What I wish I could say is, "The oil industry has done unprecedented damage to the Gulf." Maybe to the gulf. But it is not just the oil industry. It is most of the growth economy built on the cheapness of fossil fuels, like oil, that have precipitated this crisis. Yes. We are all to blame. BP (who is trying to limit their liability), Transocean, and Halliburton (also trying to limit their liability), and a lax Department of the Interior are more to blame than you or me. However, our addiction to oil - whether that oil comes from home or abroad - calls for us to "drill baby drill" makes this happen. This addiction, like all addictions, makes this kind of unconscionable disaster inevitable.
We all knew this (or something nearly like it) was going to happen. We all knew it would be an utter disaster. We knew this was precedented by the way we live and what we leave behind, including good sense, compassion, wisdom, and humility. Because we leave those things behind in the name of "growing our economy" and "progress," we leave behind one of the greatest single humanmade ecological disasters in history.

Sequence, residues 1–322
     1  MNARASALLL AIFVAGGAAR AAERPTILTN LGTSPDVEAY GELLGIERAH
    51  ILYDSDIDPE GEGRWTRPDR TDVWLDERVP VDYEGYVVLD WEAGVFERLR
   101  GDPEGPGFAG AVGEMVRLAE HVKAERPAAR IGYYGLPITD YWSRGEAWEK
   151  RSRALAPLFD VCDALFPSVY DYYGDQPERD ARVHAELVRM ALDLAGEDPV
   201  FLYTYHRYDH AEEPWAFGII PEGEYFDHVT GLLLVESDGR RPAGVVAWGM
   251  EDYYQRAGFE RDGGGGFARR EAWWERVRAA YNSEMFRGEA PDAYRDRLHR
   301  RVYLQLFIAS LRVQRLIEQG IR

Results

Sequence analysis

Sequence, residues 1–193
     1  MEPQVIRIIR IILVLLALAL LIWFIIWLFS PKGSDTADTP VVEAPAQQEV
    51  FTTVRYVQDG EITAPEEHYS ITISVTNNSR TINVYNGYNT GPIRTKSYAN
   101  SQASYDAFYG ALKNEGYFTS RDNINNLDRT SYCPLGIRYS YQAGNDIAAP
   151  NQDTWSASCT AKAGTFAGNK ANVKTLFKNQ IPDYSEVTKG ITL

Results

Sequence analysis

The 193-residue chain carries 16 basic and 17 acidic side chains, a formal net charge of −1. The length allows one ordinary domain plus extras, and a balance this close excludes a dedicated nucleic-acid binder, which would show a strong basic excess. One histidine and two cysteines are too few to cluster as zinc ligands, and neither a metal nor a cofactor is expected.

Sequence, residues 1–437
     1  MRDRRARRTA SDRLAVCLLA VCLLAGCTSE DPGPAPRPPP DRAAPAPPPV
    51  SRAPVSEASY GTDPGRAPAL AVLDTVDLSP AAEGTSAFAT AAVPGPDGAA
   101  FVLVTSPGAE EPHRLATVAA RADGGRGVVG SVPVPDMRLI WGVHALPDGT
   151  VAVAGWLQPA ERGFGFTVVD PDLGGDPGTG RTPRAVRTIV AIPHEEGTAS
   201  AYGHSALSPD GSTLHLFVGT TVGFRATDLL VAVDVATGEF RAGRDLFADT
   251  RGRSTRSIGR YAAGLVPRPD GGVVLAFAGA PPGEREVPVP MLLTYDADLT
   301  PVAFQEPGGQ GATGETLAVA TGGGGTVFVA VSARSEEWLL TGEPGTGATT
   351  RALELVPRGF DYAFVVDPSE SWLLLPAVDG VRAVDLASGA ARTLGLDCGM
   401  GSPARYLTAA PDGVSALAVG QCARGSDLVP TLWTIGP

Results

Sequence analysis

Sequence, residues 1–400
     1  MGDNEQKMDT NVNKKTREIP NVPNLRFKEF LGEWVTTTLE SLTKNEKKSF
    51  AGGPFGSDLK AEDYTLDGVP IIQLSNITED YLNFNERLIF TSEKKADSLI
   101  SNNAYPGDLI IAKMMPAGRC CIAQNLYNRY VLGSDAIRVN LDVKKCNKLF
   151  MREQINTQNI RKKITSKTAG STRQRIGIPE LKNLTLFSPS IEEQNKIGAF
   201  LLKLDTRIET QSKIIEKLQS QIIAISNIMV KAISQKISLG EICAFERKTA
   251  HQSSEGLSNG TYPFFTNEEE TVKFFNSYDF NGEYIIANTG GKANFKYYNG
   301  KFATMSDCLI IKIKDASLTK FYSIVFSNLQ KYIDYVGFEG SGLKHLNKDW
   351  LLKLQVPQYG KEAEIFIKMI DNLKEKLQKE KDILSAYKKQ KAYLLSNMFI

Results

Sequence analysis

Some of me sees this as an opportunity. This is an opportunity to evaluate what power means and what it must be coupled with. That means looking at the power of the tools that I use in my daily life from the car to the lightswitch to the bicycle. That means looking at the power of our purse to decide what is really important in our lives as individuals seeking for the good life lived with other people and other creatures. That means looking at the power of "the economy" and leveraging it to change and probably slow down. To step back from our hubris and say that might does not equal right. I think this is an opportunity to learn, or, as some great teachers might say, grow toward the good.
Do you think we'll learn from this? I hope so. Perhaps some of us already have.